There is no language in Amgen’s claim indicating that every binder … in the claimed formulation must be within the Markush group. Instead, the claim recites “at least one” binder … “selected from the group consisting of” various excipients. And the limitations merely require that those particular binders or disintegrants meet the specified weight-percentage requirements, which is not inconsistent with the overall composition containing other binders or disintegrants. The plain language of this claim requires “at least one” of the Markush members and certainly does not indicate that the only binders and disintegrants in the claimed formulation are those listed in the groups. And we do not see a sufficient basis for a different conclusion in the specification or in the prosecution history we have recited. . . .
[The claim] is satisfied when an accused product contains a component that is from the Markush group and that meets the limitation’s requirements for the component. It does not forbid infringement of the claim if an additional component is present functionally similar to the component identified in the Markush group limitation, unless there is a further basis in the claim language or other intrinsic evidence for precluding the presence of such additional components. There is no such basis here.
Slip Op. Thus, while the markush group itself may be closed (based upon its “consisting of” language), the claim as a whole is open (based upon its “comprising” transition in the claim’s introduction). With this broader claim interpretation, it looks like Amneal will be found to infringe.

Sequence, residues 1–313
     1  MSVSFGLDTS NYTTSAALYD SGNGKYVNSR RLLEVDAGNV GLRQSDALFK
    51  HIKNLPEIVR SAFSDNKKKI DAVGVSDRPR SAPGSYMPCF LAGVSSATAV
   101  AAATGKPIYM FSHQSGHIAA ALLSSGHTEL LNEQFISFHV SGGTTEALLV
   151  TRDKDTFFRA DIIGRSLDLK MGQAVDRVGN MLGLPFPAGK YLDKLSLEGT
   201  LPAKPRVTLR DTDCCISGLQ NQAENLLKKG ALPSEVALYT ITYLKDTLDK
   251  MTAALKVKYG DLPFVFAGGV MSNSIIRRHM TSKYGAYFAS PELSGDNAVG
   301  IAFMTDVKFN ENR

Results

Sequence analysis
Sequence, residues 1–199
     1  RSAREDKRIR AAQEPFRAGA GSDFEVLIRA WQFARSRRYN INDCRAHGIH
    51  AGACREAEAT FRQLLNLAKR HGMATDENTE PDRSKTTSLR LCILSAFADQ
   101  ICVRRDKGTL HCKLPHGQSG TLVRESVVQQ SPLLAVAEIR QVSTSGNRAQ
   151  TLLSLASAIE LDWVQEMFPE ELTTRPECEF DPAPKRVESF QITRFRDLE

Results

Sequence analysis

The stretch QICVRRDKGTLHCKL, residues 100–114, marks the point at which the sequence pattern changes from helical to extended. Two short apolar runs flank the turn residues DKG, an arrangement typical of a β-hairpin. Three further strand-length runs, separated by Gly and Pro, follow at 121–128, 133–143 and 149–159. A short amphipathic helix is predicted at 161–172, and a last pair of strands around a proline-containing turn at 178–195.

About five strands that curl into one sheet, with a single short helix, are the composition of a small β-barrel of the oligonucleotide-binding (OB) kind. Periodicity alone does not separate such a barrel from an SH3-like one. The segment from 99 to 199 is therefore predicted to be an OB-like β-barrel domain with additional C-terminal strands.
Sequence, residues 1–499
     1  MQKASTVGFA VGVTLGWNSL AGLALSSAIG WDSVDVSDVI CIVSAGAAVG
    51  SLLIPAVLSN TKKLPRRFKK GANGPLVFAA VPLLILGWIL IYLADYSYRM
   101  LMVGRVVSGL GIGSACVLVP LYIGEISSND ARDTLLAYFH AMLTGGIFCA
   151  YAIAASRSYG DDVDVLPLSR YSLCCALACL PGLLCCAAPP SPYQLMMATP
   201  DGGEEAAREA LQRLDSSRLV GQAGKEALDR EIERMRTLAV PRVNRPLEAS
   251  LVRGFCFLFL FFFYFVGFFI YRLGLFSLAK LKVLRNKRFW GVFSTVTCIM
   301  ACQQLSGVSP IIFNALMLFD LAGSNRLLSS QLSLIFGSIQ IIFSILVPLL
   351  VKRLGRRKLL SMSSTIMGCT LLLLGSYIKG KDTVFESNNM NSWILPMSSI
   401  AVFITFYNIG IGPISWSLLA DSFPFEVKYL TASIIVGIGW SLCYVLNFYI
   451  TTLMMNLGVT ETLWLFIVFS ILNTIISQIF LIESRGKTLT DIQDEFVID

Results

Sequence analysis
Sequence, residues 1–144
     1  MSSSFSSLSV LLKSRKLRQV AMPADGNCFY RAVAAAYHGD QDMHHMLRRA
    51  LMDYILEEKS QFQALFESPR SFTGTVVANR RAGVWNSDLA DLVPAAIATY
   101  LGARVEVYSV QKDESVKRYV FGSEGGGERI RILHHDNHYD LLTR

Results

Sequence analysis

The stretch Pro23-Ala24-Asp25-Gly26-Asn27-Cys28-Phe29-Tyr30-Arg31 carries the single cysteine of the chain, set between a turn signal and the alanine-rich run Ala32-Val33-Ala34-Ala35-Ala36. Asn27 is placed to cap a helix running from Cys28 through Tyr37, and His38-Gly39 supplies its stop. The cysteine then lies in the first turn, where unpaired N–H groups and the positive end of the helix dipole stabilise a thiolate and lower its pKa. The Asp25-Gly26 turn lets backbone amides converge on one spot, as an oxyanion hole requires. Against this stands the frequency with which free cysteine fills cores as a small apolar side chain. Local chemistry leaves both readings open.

Piramal’s proposed product is different in that its binder is a starch not listed in the Markush group. Thus, no literal infringement. Amgen unsuccessfully argued for infringement under the Doctrine of Equivalents. The problem was that the Markush group was added as part of a narrowing Examiner’s amendment that led to an allowance. (The group was already in a dependent claim — added to claim 1). Although the examiner asked for the amendment, Amgen argued on appeal that it wasn’t necessary to overcome the prior art because a separate amendment was sufficient. However, Amgen failed to provide an alternative purpose behind why the examiner asked for such an amendment. The Federal Circuit faulted that failure of alibi.
[I]f Amgen is correct … the Examiner proposed the Examiner’s Amendment for no purpose at all. Such a reading of the prosecution history is at best unpersuasive.
Slip Op. I’ll note here that the Federal Circuit appears shocked that an examiner would propose an amendment for no legitimate purpose. As a counterpoint, consider that a large portion of examiner rejections are later withdrawn by the examiner upon further consideration.
In any event, a narrowing amendment made for the purposes of securing the patent triggers a presumption of prosecution history estoppel that would prohibit a claim of equivalents to re-claim the narrowed subject matter. One way to get around this presumption is to show that the narrowing amendment is tangential to the equivalent in question. Here, however, the starch used by Piramal is the same starch disclosed in the prior art overcome by the amendment. As the Federal Circuit has previously written: “an amendment made to avoid prior art that contains the equivalent in question is not tangential.” Intervet Inc. v. Merial Ltd., 617 F.3d 1282 (Fed. Cir. 2010).
Thus, the non-infringement holding of Piramal stands.